Walking around Khalid Lake in Sharjah for many rounds in the months of my pregnancy didn't prevent my baby from becoming breech. I had been preparing for a natural birth, partly by walking, but the reality of my baby being upside down (head up, feet down) was going to entail a Caesarian section.
My father, a doctor, gave his approval to escape what he called "the mess" that is natural childbirth. Another doctor, neutral, said only people in a "primitive jungle" would go for natural birth over a C-section. The operation lasted no more than 30 surreal minutes. The nurse showed me the baby and I could only stare dumbly at him. My husband was a bit shocked himself. No matter how ancient childbirth is, it's still a miracle, and we could only observe it in awe.
At the hospital my mother-in-law immediately urged me to nurse my boy. I was embarrassed, having to carry out this intimate act in front of so many witnesses. I wanted privacy and security, which the hospital's atmosphere didn't really provide. Furthermore, my body couldn't produce enough milk for the baby.
My heart was torn, but I refused to let him starve and so asked for formula to supplement my nursing of him. The nurse brought me a paper, a sort of contract and disclaimer, that proved that it was my sole decision to subject the poor baby to the horrors of something other than mother's milk. My baby was satisfied, though, and that was the most important thing.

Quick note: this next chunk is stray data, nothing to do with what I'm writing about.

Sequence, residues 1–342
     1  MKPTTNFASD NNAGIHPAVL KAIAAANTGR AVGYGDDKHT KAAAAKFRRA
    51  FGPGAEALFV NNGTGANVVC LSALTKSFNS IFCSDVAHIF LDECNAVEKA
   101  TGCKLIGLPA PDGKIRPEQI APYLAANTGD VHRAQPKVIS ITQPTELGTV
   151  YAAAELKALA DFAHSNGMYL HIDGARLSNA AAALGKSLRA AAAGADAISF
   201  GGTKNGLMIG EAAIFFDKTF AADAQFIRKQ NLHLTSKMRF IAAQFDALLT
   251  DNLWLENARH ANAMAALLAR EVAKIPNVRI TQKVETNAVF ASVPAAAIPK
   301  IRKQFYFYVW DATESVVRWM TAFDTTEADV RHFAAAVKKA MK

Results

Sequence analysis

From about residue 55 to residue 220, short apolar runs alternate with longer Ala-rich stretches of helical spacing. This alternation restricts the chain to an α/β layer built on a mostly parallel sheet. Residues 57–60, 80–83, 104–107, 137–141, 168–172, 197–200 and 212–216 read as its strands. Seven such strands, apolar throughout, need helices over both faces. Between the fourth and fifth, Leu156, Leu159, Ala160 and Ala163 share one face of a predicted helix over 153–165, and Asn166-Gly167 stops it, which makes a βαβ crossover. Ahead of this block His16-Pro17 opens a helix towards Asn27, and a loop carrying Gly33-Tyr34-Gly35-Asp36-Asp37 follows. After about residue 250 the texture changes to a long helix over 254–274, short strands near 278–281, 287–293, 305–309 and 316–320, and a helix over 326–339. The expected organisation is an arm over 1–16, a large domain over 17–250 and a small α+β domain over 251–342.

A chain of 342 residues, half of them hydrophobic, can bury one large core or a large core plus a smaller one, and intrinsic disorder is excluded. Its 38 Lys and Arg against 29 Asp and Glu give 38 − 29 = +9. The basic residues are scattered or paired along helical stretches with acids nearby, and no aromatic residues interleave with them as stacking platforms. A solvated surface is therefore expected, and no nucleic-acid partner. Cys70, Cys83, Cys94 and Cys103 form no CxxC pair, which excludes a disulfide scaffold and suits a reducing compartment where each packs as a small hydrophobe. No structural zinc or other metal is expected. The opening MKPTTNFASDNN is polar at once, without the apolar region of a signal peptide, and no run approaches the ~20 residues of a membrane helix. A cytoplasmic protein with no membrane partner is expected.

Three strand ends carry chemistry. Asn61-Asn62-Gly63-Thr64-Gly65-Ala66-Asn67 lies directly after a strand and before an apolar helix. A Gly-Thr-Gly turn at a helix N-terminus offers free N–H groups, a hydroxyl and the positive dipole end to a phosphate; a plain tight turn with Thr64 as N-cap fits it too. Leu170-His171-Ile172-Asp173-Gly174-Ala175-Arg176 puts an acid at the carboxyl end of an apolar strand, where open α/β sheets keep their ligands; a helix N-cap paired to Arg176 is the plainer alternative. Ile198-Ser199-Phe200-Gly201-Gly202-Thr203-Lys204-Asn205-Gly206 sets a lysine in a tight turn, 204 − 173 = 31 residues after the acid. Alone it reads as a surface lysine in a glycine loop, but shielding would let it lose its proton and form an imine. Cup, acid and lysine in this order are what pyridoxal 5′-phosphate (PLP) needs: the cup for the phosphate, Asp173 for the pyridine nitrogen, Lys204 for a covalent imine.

I spent five days in hospital, reacquainting my limbs with their functions as having a C-section is no picnic. I took a cocktail of drugs to ease the pain. One time I coughed and the pain was so severe I cried - a lot. The nurse came running in and told me to let out the cough in small hiccups, like a parody of clearing your throat.
Over the next three months it seemed I was humouring everyone by nursing my son. One time I went to the hospital with my concerned mother-in-law and I was asked how the baby was feeding. I told them about the formula and the nurse shouted at me. I cried on the spot.
Still, this all seemed tame compared to the insomnia that afflicted me. Night morphed into day and I observed the coming and going of light having not had a wink of sleep. Warm milk, late-night baths and exercise did nothing to help.
On the rare occasions I was able to doze off I could count on my baby waking me up half an hour later. Going back to sleep after that was as feasible as growing wings.
Life seemed unbearable. So much that I simply had to see if sleeping pills might ease my situation. The doctor prescribed a drug that allowed me to sleep for four consecutive hours or so. This might not seem like much, but it was an enormous blessing - until the pills stopped working.
Still, the first two years passed and either my hormones settled or my baby learnt to be less fussy and sleep more. I did, too.
It might come as a surprise that I am pregnant again. If you happen to be Muslim maybe you'll understand. Islam emphasises having many children and I wish to be as devout as I can.
Moreover, my son is thoughtful, considerate, loving and creative. He's a gift - and while I support him now I am sure he will be a support to me and his father in our old age.
Iman Ali is an Emirati English literature graduate from Zayed University. Raised in Scotland, she is now living in Gurgaon, Haryana, India and is writing The Great Emirati Novel.